QUESTION: What do the canals and cochlear duct contain (air or fluid)? What are the receptors for hearing?
Very simply, the process of hearing involves the transmission of vibrations and the generation of nerve impulses. When sound waves enter the ear canal, vibrations are transmitted by the following sequence of structures: eardrum, malleus, incus, stapes, oval window of the inner ear, and perilymph and endolymph within the cochlea. Imagine the vibrations in the fluids as ripples or waves. The basilar mem-brane ripples and pushes the hair cells of the organ of Corti against the tectorial membrane. When the hair cells bend, they generate impulses that are carried by the 8th cranial nerve to the brain. As you may recall, the auditory areas are in the temporal lobes of the cerebral cortex. It is here that sounds are heard and interpreted.
The auditory areas also enable us to determine from which direction a sound is coming. Simply stated, the auditory areas count and compare the num-ber of impulses coming from each inner ear. For example, if more impulses arrive from the left cochlea than from the right one, the sound will be projected to the left. If the source of a sound is directly above your head, the sound may seem to come from all directions, because each auditory area is receiving approximately the same number of impulses and cannot project the sensation to one side or the other.
The final structure in the hearing pathway is the round window (see Fig. 9–8). The membrane-covered round window, just below the oval window, is impor-tant to relieve pressure. When the stapes pushes in the fluid at the oval window, the round window bulges out, which prevents damage to the hair cells.
The utricle and saccule are membranous sacs in an area called the vestibule, between the cochlea and semicircular canals. Within the utricle and saccule are hair cells embedded in a gelatinous membrane with tiny crystals of calcium carbonate called otoliths. Gravity pulls on the otoliths and bends the hair cells as the position of the head changes (Fig. 9–10). The impulses generated by these hair cells are carried by the vestibular portion of the 8th cranial nerve to the cerebellum, the midbrain, and the temporal lobes of the cerebrum.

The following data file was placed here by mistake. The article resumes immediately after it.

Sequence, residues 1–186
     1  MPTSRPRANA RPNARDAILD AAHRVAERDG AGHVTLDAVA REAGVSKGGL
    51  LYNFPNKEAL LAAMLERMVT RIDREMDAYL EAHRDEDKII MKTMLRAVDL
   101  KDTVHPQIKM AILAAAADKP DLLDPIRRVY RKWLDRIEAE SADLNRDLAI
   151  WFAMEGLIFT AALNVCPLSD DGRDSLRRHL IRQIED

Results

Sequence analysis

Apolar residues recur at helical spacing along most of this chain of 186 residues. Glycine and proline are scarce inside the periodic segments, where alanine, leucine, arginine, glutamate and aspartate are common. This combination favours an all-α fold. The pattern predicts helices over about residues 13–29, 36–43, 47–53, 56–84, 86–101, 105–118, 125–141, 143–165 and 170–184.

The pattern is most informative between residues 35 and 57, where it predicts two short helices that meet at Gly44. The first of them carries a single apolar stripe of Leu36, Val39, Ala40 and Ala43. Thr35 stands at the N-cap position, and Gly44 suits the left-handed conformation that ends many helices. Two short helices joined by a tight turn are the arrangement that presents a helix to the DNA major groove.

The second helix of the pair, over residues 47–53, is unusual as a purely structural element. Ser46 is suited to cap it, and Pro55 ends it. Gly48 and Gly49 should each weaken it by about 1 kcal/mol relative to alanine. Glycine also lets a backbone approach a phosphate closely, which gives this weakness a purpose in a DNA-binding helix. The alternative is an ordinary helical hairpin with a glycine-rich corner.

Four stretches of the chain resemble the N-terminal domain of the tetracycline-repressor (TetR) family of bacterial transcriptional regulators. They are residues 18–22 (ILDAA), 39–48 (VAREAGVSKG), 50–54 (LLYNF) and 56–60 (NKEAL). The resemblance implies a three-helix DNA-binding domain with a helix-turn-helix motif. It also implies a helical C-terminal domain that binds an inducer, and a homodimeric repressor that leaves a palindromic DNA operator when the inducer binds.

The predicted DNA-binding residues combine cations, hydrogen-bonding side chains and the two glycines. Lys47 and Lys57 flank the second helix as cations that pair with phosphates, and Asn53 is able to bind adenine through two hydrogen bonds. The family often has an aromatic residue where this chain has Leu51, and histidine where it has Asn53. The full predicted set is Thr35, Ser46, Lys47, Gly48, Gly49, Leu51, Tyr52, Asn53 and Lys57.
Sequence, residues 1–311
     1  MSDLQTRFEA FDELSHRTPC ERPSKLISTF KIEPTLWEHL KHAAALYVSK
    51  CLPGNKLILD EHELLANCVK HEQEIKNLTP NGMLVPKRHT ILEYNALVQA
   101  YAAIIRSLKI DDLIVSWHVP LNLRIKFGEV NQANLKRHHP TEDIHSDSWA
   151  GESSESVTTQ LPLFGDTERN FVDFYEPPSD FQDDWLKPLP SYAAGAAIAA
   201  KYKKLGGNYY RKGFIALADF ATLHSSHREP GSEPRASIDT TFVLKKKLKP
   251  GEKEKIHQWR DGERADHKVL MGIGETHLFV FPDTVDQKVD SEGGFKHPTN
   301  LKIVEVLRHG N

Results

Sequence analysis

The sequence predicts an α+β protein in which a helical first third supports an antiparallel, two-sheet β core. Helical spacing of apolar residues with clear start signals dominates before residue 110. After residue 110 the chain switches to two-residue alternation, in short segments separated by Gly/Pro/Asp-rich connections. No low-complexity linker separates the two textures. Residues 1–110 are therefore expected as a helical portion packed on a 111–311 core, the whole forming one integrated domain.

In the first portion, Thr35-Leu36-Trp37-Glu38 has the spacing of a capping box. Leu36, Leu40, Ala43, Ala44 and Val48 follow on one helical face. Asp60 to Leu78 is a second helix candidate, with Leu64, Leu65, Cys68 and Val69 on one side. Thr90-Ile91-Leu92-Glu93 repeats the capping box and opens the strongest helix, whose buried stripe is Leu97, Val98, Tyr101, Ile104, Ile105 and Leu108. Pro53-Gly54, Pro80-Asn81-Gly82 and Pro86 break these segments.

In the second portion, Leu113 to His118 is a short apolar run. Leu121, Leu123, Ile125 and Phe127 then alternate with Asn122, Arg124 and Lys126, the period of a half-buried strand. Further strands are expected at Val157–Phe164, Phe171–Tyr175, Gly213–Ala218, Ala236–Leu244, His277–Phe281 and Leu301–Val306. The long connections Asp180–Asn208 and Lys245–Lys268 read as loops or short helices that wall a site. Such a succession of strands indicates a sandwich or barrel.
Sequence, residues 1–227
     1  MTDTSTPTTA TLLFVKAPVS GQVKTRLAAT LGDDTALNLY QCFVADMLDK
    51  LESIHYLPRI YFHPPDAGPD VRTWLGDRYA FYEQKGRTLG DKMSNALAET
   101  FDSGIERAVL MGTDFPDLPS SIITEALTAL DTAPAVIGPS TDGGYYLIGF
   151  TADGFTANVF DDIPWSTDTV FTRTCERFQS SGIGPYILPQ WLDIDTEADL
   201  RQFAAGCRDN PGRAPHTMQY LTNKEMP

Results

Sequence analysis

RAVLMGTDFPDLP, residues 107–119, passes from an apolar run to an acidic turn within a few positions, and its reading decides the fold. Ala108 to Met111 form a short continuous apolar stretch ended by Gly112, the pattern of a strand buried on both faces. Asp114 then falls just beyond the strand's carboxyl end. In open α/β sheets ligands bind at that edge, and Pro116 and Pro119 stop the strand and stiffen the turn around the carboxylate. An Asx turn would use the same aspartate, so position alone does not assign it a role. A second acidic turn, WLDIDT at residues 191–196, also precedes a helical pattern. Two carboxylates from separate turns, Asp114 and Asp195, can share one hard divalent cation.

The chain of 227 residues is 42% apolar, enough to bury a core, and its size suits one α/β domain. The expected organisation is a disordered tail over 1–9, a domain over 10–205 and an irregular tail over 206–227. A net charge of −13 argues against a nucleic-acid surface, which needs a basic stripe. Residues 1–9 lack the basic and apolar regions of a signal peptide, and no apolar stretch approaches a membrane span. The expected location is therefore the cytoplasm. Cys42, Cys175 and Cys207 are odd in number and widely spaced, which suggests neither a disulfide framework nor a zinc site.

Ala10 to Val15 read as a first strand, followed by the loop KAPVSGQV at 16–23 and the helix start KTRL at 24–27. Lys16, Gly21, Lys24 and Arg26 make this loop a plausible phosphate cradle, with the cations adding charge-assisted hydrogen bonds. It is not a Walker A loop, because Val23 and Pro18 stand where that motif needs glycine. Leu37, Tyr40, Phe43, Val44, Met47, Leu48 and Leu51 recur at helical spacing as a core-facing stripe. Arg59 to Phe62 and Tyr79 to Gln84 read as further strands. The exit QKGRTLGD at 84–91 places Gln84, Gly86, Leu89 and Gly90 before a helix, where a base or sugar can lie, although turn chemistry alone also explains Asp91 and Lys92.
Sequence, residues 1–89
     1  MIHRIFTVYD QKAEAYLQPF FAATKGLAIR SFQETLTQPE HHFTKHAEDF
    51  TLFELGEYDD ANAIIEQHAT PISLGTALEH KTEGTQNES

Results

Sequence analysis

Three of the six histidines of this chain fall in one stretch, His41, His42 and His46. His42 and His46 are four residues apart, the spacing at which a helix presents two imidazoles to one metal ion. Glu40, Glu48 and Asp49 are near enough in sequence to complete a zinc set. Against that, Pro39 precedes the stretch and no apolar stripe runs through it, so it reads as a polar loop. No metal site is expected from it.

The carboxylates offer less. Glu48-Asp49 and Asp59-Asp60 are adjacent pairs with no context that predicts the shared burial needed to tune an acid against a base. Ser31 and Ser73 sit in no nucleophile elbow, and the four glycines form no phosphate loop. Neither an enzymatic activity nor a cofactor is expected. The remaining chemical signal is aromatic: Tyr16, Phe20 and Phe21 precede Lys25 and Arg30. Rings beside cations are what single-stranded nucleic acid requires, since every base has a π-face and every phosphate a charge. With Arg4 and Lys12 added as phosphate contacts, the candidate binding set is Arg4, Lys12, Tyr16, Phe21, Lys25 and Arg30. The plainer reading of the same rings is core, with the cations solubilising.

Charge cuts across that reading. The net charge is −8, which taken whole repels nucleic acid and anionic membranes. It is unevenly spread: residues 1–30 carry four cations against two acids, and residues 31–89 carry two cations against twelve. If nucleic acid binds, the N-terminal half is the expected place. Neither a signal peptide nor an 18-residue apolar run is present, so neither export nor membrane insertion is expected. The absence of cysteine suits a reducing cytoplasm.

The cerebellum and midbrain use this information to maintain equilibrium at a subconscious level. We can, of course, be aware of the position of the head, and it is the cerebrum that provides awareness.
Figure 9–10. Physiology of equilibrium. (A) Utricle and saccule. (B) Semicircular canals. See text for description.
QUESTION: In part A, what causes the hair cells to bend? In part B, what causes the hair cells to sway?
The three semicircular canals are fluid-filled mem-branous ovals oriented in three different planes. At the base of each is an enlarged portion called the ampulla (see Fig. 9–8), which contains hair cells (the crista) that are affected by movement. As the body moves for-ward, for example, the hair cells are bent backward at first and then straighten (see Fig. 9–10). The bend-ing of the hair cells generates impulses carried by the vestibular branch of the 8th cranial nerve to the cerebellum, midbrain, and temporal lobes of the cere- brum. These impulses are interpreted as starting or stopping, and accelerating or decelerating, or chang-ing direction, and this information is used to maintain equilibrium while we are moving.
In summary then, the utricle and saccule provide information about the position of the body at rest, while the semicircular canals provide information about the body in motion. Of course, there is some overlap, and the brain puts all the information together to create a single sense of body position.